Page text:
Interfacing Photosystem i Reaction Centers with a Porous Antimony-Doped Tin Oxide Electrode to Perform Light-Driven Redox Chemistry

Akanksha Singh, Sarthak Mandal, Shaojiang Chen, Minghui Liu, Christopher J. Gisriel, Anne Marie Carey, Hao Yan, Dong Kyun Seo, Su Lin, Neal W. Woodbury

Research output: Contribution to journalArticlepeer-review

7 Scopus citations


A biohybrid electronic system incorporating photosystem I (PSI) on a porous antimony-doped tin oxide electrode has been developed. The resulting light-powered reduced nicotinamide adenine dinucleotide phosphate (NADPH) was coupled to a dehydrogenase system for the enzymatic reduction of a reporter molecule. Cytochrome c was used both to orient the PSI reaction centers and to act as a conduit for transporting electrons from the electrode to PSI. Photocurrent was generated upon illumination of the PSI/electrode system itself at microamp/cm2 levels, with reduced oxygen as the primary carrier. When the PSI-cytochrome c-coated electrode system was coupled with ferredoxin, ferredoxin-NADP+ reductase (FNR), and NADP+, NADPH was generated, and resazurin was reduced to fluorescent resorufin. However, even though diaphorase was added to catalyze the dye reduction by NADPH, dye reduction took place in the absence of diaphorase. Indeed, significant dye reduction occurred in the absence of FNR as well. Subsequent analysis revealed that direct, light-dependent reduction of NADPH took place and that resazurin could be reduced by NADPH when resazurin was excited by light. Based on the low overall quantum yield of photoreduction, it is likely that the vast majority of NADPH produced near the electrode was rapidly reoxidized.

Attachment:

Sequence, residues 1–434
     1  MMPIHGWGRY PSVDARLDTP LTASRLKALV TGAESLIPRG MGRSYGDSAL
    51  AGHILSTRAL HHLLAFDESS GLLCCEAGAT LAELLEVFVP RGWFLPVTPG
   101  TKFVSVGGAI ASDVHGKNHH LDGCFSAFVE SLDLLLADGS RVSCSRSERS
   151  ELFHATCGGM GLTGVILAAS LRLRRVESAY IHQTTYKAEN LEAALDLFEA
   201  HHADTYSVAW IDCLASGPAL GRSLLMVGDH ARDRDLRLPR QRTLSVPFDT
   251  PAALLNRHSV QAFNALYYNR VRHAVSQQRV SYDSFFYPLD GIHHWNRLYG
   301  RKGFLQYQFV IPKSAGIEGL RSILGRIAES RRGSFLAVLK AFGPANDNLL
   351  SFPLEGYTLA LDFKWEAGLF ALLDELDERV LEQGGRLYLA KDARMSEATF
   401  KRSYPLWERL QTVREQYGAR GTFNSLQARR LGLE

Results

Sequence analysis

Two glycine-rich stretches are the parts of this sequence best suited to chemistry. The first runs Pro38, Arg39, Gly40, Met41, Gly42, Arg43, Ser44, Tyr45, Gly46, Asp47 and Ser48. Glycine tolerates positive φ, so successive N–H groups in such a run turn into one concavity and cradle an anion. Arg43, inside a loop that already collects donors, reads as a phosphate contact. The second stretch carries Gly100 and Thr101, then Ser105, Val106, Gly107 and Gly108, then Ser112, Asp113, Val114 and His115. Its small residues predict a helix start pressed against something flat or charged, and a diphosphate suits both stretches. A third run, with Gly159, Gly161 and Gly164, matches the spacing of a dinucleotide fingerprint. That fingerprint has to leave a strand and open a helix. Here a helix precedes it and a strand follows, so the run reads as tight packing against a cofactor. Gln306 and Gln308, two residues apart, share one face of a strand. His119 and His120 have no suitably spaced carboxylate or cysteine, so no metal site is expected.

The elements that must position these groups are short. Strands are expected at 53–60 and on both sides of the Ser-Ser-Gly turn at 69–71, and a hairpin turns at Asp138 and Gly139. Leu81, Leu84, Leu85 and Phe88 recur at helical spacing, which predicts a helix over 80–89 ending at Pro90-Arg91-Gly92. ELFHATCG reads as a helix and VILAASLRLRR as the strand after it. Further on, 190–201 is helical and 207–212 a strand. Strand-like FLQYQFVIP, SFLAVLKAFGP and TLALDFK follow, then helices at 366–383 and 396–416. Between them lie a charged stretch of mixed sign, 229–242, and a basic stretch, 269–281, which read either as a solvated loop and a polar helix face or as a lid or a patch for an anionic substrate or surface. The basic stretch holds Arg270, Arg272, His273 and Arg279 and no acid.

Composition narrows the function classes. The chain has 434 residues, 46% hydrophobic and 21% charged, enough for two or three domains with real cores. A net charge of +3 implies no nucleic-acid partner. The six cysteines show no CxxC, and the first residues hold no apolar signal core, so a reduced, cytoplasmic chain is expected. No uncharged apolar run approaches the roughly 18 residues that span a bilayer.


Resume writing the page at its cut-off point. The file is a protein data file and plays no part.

Original languageEnglish (US)
Pages (from-to)2087-2096
Number of pages10
JournalACS Applied Electronic Materials
Issue number5
StatePublished - May 25 2021


  • antimony-doped tin oxide (ATO)
  • cytochrome c
  • electron
  • photocurrent
  • photosystem I

ASJC Scopus subject areas

  • Electronic, Optical and Magnetic Materials
  • Electrochemistry
  • Materials Chemistry


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